Posts Tagged ‘failed thrombolysis’

Less than a century ago an easy chair  was enough to manage this most important medical emergency of mankind. Of course, at that time mortality of STEMI was estimated to be around 30%.We have since pushed the in-hospital death rate down to less than 10 %  and its around 5-8% currently.(*The lifeless chairs were able to save 70 lives is a different story!)

Heparin , thrombolytic agents, critical coronary care has helped us to achieve this , of course It must be admitted primary PCI also played a small role (at best 1 % ) in our fight against this number one killer.

Now, why not combine  both lysis and PCI ?

The concept of PIA (Pharmaco Invasive approach) came into vogue  primarily for two reasons.

1.If thrombolysis and  pPCI are powerful strategies by individual merits why not combine both and achieve double the benefit ?

2. Since pPCI is going to be a logistical nightmare in most points of care and we can’t afford to lose time . So, let us lyse first and consider PCI later !

Unfortunately medical science is not math .One plus one in medicine is rarely two !

Though , it looks attractive , Pharmaco invasive approach  has its own troubles.Fortunately , most of them are man-made, few are beyond our knowledge though.

Following general rules  may help us

  • STEMI  should ideally managed by early thrombolysis (or PCI) in all deserving patients.
  • Don’t wait for PCI if you think , there will be delay or reduced expertise and poor track record of the center in this modality.
  • Pharmaco invasive  therapy is not a default in all STEMI .Do good quality , monitored  lysis , (Not necessarily new generation thrombolytic .(I prefer one hour sustained thrombolytic regimen , not the hit or miss bolus) .As a learned cardiologist we need to assess individual patients according to the type and risk of MI.Its not wise to blindly follow the guidelines ,because these guidelines , though based on evidence never answers a query in a single patient perspective !

The key “branch points”  in decision making  after lysis

  • Invasive strategy  should begin within one hour if the patient has failed  thrombolysis and has developed any mechanical issues.( Mind you, LVF requires good medical stabilization .Rushing  such patients to cath lab without application of mind can be disastrous )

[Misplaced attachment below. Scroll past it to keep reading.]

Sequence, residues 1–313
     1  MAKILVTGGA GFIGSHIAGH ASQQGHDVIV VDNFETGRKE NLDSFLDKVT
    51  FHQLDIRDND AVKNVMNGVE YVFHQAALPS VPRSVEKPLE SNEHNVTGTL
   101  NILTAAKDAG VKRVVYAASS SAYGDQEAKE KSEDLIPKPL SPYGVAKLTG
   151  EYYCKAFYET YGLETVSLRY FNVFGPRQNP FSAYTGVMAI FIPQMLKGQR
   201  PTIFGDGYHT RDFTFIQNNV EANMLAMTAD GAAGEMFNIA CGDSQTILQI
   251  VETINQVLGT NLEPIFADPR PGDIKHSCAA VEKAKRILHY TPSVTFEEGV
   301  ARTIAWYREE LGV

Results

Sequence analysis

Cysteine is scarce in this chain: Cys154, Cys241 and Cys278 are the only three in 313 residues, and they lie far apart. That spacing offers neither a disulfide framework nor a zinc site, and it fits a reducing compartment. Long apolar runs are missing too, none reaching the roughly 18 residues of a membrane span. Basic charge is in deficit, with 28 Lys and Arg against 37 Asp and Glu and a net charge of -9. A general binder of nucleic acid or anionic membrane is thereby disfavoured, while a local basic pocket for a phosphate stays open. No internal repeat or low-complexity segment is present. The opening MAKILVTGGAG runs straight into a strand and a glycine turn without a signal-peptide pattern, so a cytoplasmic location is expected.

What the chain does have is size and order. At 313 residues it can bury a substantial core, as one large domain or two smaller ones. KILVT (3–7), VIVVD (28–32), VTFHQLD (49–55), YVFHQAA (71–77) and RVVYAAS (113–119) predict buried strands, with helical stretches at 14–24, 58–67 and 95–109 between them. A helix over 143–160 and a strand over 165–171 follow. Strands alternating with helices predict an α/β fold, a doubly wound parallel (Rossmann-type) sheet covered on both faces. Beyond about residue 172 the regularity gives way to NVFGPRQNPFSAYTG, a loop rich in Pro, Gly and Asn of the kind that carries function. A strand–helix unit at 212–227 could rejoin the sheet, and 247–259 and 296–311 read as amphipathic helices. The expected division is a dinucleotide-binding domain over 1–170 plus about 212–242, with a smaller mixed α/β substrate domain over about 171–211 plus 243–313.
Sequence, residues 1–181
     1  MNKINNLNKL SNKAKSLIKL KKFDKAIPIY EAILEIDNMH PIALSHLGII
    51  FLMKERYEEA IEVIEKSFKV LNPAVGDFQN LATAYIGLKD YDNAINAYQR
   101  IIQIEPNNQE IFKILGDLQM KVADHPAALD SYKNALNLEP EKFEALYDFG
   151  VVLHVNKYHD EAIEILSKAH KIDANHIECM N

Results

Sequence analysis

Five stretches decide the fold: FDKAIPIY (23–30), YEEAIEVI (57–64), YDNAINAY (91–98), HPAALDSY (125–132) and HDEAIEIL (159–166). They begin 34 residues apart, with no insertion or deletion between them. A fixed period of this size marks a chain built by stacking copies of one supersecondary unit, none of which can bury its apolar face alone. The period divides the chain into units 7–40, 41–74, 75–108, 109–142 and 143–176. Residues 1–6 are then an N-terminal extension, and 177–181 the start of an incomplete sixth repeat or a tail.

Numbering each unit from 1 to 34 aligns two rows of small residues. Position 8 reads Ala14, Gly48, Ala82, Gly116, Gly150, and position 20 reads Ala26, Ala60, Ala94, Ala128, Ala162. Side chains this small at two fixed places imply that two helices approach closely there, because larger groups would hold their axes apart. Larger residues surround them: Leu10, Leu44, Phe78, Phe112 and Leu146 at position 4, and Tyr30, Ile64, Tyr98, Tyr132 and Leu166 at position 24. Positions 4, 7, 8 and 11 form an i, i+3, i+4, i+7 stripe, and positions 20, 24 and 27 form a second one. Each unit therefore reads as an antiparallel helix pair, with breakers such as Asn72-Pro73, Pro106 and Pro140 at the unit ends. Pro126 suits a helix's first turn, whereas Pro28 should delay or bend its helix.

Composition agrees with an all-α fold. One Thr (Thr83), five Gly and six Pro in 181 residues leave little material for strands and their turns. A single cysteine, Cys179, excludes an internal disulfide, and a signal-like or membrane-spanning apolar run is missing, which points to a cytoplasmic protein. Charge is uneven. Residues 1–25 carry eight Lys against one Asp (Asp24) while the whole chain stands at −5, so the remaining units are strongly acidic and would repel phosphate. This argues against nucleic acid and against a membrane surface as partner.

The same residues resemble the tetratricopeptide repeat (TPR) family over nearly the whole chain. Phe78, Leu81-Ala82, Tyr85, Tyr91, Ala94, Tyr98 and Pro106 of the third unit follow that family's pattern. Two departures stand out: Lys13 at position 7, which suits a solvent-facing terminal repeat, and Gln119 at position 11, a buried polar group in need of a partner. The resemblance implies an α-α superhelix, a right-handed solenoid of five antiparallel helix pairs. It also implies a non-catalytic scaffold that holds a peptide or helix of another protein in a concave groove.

• If the Initial  lysis is excellent and the patient is asymptomatic  one need not proceed with invasive limb at all.(A significant chunk of apparently failed lysis by ECG are asymptomatic and comfortable , these are patients require delicate assessment regarding further intervention. )
  • If the MI is large and the clinical  stability is “not confirmed” one may  proceed urgently within 24 h.
  • In any case there is no role for invasive approach after 24 hours* Unless fresh ischemia  suspected to come from IRA or  non IRA.
  • Having  said that, there are many centers that do a diagnostic  angiogram alone just prior to discharge  (48-72h) for risk stratification and then take a genuine call for a possible PCI or  CABG. In my opinion it appears a sensible strategy , though a non invasive stress  test pre/post discharge can even avoid that  coronary angiogram !

One issue with Rescue PIA

Though by current definition  PIA is to be done  3-24 hours , don’t wait for the 4th hour if you have recognized a failed thrombolysis earlier than three hours.( Ofcourse , as the gap between P and I gets too narrowed it may  carry some adverse  effects witnessed in routine facilitated PCI -Refer FINESSE study ) Similarly,there need not be a blanket ban on PCI beyond 24 hours if residual ischemia is active.

Final message

PIA is a dynamic  coronary  re -perfusion strategy . Nothing is fixed in science. . The optimal gap between Pharmaco and invasive strategy  can be anywhere between  1 hour to “Infinitely deferred” depending upon individual risk perception and wisdom of the treating cardiologist.





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           Do not ever under estimate  the importance of  TIMI 1 flow .  It can save a  major chunk of myocardium !   A late TIMI 3  flow   . . . is far inferior . . .  to  an early TIMI 1 flow . * Even a trickle  of  flow (Ooze )   can keep the myocardium  alive .  This point we have realised very late. Thus came the   pharmaco Invasive strategy for  all STEMI  who have no immediate access to cath lab ! (please note 90 % of STEMI belong to this group )

pharmaco invasive strategy for stemi002

For a high resolution Image  click below

pharmaco invasive strategy in stemi

* Even a trickle (Ooze )   blood flow can keep the myocardium  alive .

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Failed thrombolysis is a well debated concept, while failed primary PCI is a conveniently neglected phenomenon .

How to assess successful reperfusion following PCI or thrombolysis?

I do not know how many  of us know this vital fact !

Coronary angiogram is squarely beaten by the humble  ECG in assessing the effectiveness of myocardial  reperfusion . This is not hard to understand as  coronary angiogram *  can  tell us only  about epicardial  patency ,  while ECG  sends vital perfusion  data from within the  myocytes ! Which do you  think is superior ?

And now  interventional cardiologist have realised this fact . they  measure the ST segment  regression instantly once the primary  PCI is  completed . How ?  An ECG is recorded from  right inside the infarct  related artery .

*Of course myocardial blush score , TIMI frame count are poor alternatives !

This paper just published in CCI is  a fascinating revelation .


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Which is  the most important factor that determines thrombolysis failure in STEMI  ?

  1. Thrombus load .
  2. Drug efficiency
  3. Time delay
  4. Presence of a mechanical lesion
  5. Hemodynamic instability

Answer : 3 .(Though all 5 factors operate )

Failed thrmbolysis occur in about 40-50% after streptokinase and slightly less with TPA   and TNK-TPA . Delayed arrival and late thrombolysis are  most common cause of failed thrombolysis. As the time flies , the  myocardium gets damaged and the intra coronary  thrombus gets organised .Both these processes make delayed thrombolysis a futile exercise.

               Not all STEMI patients have large thrombus burden. There need to be a critical load of thrombus for thrombolytic to be effective